Jason Baik: So I started off pretty much the same way that everyone else does, absorbing as much free information as I possibly could. I listened to a bunch of podcasts, I read a bunch of books, and I did my best to at least casually network with people one on one. I am severely introverted, which means -- just to dispel any misconceptions, I'm not shy or afraid of talking to people, I just get really tired when I'm outside... So I didn't necessarily do a lot of networking in-person, but yeah, I started just by absorbing as much information as I could, and trying to craft my ability to underwrite effectively, because I always knew that that was going to be my leverage anyway. Coming from a data background, I'm not going to all of a sudden transform into a salesperson. So I knew that I'm pretty technical, and I'm pretty good numbers - let me use that as my foot in the door.
Ash Patel: Did you know that you would want to partner from the get-go?
Jason Baik: That's a good question. I don't think so, because - again, going back to the minority mindset; my parents have drilled into me the idea that I should trust absolutely no one. That I'm the only person that I can trust, that family is the only people that I can trust... So I actually started off in real estate and single-family homes, because I figured I would just scale one house at a time, take them all down by myself, and that would be that. But it took a lot of pain and suffering for me to realize that single family homes, as much as I love them, I'm not trying to talk crap about anyone else's field, but it's just really difficult to scale one house at a time... And when I wanted to commit to multifamily, I knew that I had to, again, get over that mindset, where I had to just find partners. It took me a while. It took me maybe a dozen partnerships that I didn't really like and we didn't really go far before I found Jay... So I'm grateful for the experience, and it just took a lot of trial and error.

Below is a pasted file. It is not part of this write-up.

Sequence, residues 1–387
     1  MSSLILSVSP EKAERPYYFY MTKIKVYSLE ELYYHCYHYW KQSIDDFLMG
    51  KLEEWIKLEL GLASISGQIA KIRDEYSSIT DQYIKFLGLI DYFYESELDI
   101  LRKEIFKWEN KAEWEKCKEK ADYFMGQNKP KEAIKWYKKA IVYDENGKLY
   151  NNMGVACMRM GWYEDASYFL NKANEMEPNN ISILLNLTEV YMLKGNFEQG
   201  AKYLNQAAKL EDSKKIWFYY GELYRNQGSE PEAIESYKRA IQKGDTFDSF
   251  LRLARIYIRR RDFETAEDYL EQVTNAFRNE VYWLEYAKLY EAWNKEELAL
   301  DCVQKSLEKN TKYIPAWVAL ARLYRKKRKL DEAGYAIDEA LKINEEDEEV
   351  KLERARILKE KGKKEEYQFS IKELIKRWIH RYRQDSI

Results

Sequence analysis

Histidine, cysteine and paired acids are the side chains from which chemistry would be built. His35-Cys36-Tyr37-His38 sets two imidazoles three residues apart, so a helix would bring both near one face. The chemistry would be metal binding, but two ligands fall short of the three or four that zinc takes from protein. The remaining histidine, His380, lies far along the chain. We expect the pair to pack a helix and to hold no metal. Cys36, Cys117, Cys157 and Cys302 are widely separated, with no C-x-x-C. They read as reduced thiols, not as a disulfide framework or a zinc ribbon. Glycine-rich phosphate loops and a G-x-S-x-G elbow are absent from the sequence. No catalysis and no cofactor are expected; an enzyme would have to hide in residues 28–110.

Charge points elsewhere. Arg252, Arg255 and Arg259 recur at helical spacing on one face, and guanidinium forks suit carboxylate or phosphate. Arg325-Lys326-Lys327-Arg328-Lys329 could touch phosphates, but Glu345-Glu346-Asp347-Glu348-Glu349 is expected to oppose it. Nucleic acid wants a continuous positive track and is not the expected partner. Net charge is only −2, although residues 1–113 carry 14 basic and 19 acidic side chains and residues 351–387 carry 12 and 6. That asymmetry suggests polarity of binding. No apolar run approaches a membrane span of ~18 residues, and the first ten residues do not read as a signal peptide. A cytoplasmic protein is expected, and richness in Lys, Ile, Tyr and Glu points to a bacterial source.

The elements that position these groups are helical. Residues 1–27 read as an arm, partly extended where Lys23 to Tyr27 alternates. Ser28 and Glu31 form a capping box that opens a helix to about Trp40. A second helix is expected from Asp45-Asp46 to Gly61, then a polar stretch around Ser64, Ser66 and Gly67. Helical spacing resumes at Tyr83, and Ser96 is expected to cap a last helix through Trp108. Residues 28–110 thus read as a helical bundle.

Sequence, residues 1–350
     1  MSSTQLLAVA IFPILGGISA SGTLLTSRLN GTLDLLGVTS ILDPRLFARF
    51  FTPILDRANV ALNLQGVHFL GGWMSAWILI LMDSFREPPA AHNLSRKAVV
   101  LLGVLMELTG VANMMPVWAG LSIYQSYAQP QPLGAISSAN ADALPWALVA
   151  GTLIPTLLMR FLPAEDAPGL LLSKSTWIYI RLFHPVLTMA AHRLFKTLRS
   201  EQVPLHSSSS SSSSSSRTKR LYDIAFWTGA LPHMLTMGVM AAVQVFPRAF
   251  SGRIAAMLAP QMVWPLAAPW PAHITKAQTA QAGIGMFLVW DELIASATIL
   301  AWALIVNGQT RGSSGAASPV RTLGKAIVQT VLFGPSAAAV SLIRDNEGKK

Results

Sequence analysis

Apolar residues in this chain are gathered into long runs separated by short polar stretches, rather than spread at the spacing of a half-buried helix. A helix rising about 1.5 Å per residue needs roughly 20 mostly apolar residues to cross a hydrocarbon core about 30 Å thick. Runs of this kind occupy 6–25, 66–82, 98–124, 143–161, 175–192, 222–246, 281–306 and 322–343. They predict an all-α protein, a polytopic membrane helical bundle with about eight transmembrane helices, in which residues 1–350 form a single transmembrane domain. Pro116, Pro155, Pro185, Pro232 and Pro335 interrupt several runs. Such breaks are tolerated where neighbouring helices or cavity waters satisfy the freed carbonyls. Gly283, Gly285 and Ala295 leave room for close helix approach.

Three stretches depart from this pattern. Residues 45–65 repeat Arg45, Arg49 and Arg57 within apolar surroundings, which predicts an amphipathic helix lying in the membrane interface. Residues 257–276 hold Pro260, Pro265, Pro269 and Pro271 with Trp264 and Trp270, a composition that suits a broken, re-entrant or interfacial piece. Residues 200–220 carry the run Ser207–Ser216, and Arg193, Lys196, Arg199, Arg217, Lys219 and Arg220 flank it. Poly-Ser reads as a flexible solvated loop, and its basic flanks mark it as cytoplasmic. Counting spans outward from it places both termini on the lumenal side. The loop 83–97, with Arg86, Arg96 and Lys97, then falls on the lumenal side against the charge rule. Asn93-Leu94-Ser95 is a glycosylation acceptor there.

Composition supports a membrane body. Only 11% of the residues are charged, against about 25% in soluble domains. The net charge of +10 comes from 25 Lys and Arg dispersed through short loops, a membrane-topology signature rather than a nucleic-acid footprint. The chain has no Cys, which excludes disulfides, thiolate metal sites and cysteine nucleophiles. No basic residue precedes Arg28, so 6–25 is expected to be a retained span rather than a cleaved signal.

Ash Patel: Man, you're resonating with all of our Asian Best Ever listeners, including myself... Thank you for sharing all those little snippets. Your partner Jay Balakar - superb human; is he an extrovert?
Jason Baik: He also says that he's introverted, but we are both the type where if you put us in a room, we can be charming and talk to people and have a good time. But we just get tired easily. So sometimes we'll try to take shifts when we're talking to people outside.
Ash Patel: Got it. Awesome. When you were doing single family rentals, Jason, were you still in corporate America?
Jason Baik: No. Again, I quit my day job when I knew absolutely nothing.
Ash Patel: Oh, my goodness... Who does that? Who leaves a great job and just rolls the dice? You didn't want to ramp up the real estate and then quit?
Jason Baik: That is what a lot of people who are smarter than me do. But my one superpower is my self-awareness. And I know how I function best. So again, as reckless as it may seem, I spent two years saving up a few hundred grand, and I decided to treat myself more as a startup. So save up some money, reduce my living expenses, so that I can give myself a little bit of runway. And if I didn't find success in two to three years, I'd kind of run out of money and then have to find a day job again. But I figured that if I gave real estate 80, 100, 120 hours of my time every single week, that I'd be able to scale a lot faster than if I'd half-assed in it. I suffer from golden handcuffs. It's really hard to try to network at 9pm at night, after a long, hard day, when I make six figures from my job. It's really easy to just be like "Oh, let me just postpone that. Let me just watch Netflix today." But when I don't have a salary coming in, I am incredibly motivated to push myself outside my comfort zone.